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Five Questions With...

Five Questions with Michelle Picard

Captain of NWHL Riveters on growing up with Olympic dreams, being role model

by Mike. G. Morreale @MikeMorrealeNHL / NHL.com Staff Writer

NHL.com's Q&A feature called "Five Questions With …" runs every Tuesday. We talk to key figures in the game and ask them questions to gain insight into their lives, careers and the latest news.

The latest edition features Metropolitan Riveters captain and former U.S Women's National Ice Hockey Team member Michelle Picard.

Photos courtesy Troy Parla/NWHL

Michelle Picard not only has become a professional hockey player, but leader among peers as captain for the Metropolitan Riveters of the National Women's Hockey League and role model for young girls with aspirations of playing the sport one day. 

 

[RELATED: Gender Equality Month: Girls and Women in Hockey]

 

She became hooked on hockey the moment she saw older brother Tim playing on the frozen pond behind their home in Taunton, Massachusetts.

"I was basically born on a rink," Picard said. "There were woods behind our yard, it was more like a swamp, but when it froze over it was nice. I'd play out there for hours and then play at the local rink. It was sort of a family thing we did, and I fell in love with it, stayed with it all the way.

"I was 9 years old when I started telling everyone in my family that I wanted to be a hockey player and the best thing about it was no one laughed at me. They all supported me, encouraged me, and that was so important."

Her resume is impressive.

The 25-year-old defenseman was a member of the U.S Women's National Team for five years, earning a gold medal three times at the Women's World Championship (2013, 2015, 2016), and a silver medal at the 2012 Women's World Championship, and 2014 Sochi Winter Olympics.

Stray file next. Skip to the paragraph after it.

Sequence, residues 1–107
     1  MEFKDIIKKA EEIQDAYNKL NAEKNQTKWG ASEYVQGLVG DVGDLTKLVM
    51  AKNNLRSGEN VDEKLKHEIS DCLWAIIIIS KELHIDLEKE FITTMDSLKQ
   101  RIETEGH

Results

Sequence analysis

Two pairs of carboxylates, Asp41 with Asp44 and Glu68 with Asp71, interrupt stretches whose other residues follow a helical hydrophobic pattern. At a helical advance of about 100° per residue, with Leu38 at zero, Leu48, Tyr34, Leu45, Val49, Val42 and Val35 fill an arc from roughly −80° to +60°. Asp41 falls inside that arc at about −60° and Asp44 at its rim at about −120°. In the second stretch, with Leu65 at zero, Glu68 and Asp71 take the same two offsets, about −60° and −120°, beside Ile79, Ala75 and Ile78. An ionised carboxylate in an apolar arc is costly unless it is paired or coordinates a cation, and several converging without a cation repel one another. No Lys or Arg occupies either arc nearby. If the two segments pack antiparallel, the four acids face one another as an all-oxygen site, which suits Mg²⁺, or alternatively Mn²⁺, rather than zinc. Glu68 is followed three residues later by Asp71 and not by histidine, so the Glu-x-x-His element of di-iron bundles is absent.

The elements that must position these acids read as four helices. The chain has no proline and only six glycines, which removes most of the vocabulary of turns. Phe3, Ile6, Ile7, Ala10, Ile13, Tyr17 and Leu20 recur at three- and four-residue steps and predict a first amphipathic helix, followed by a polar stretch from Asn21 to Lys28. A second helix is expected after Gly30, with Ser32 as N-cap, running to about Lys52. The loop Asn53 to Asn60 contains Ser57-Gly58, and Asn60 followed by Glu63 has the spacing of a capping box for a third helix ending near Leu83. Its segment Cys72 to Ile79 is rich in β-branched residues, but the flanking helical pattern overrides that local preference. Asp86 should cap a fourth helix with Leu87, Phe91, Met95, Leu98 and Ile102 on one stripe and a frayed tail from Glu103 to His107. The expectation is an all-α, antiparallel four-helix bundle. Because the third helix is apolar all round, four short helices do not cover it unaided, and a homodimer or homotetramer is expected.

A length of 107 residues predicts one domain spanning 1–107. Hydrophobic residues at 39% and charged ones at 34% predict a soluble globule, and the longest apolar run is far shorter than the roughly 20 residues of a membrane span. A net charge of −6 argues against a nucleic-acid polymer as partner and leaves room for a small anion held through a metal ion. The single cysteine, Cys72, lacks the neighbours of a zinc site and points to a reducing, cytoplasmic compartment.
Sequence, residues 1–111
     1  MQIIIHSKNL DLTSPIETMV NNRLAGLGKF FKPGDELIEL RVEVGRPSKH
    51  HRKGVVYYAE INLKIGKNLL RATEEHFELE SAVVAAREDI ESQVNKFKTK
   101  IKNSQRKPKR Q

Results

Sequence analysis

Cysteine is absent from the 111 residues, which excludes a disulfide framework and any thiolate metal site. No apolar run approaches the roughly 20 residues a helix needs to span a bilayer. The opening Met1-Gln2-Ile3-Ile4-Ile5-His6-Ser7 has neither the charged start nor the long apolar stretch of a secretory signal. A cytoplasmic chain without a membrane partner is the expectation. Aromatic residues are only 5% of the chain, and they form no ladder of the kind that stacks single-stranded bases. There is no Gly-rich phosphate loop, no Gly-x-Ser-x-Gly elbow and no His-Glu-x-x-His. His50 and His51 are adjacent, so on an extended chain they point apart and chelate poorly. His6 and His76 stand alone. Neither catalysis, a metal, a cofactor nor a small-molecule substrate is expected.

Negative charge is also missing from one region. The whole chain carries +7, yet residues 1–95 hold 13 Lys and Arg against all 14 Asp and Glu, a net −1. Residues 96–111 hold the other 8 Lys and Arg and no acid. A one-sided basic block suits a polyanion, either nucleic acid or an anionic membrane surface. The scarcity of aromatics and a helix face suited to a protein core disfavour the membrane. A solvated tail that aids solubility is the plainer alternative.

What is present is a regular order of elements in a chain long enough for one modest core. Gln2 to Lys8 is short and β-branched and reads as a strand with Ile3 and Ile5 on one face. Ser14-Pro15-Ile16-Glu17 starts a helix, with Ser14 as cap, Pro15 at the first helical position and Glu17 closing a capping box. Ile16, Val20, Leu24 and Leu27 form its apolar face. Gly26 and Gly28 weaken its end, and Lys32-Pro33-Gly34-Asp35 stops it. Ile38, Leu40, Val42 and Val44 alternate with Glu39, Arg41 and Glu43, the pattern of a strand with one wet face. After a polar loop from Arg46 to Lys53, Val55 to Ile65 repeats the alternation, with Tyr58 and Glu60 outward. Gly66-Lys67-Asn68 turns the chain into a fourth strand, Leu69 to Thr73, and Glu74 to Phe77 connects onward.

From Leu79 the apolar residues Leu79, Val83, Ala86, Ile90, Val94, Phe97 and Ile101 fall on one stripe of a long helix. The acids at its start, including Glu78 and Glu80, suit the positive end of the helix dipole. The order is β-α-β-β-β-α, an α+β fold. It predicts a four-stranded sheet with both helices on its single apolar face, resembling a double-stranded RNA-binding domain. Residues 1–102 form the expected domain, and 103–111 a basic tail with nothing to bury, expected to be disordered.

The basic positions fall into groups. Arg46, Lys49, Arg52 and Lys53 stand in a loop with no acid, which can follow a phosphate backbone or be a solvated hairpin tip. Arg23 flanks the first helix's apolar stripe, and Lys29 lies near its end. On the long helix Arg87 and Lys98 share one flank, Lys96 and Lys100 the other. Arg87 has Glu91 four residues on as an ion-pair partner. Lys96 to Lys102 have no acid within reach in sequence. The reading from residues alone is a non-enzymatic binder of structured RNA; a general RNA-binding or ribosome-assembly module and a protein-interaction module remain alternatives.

She graduated from Harvard University with a degree in anthropology and played Division I hockey for four years, serving as co-captain her final two seasons (2014-16). She has played for the Riveters the past three seasons, winning the Isobel Cup as NWHL champion last season when she was also presented the NWHL Foundation Award as the player most actively applying the core values of hockey to her community as well as growing and improving hockey culture.

Last month, she represented the United States against Canada during the three-game 2019 Rivalry Series.

As an active recruiter of girl's hockey players in Newark, Picard and her Riveters teammates and the New Jersey Devils are teaming up to establish a Learn to Play program exclusively for girls that will take place at the RWJBarnabas Health Hockey House at Prudential Center, April 7-May 19. For more information and to register, visit newjerseydevils.com/learntoplay.

Here are Five Questions with … Michelle Picard:

 

At what point did you feel confident enough to say you wanted to become an Olympic hockey player?

"Professional hockey wasn't a reality until my senior year of college (2015-16) when the NWHL became the first paid women's pro league in North America but playing in the Olympics and winning a gold medal was a dream ever since I watched the 2002 Torino Winter Games. I was a little bit too young in 1998 to know what it meant but watched in 2002 and from that point said that's where I want to be and that's what I want to do, so that was my dream. When I went to Noble & Greenough School in Massachusetts we had five seniors during my eighth-grade year and four of them went on to Ivy League schools to play hockey. At that point, I was like, 'Wow, I can also get a great education out of this.' So that's when it became a two-part dream for me; playing college hockey and playing in the Olympics."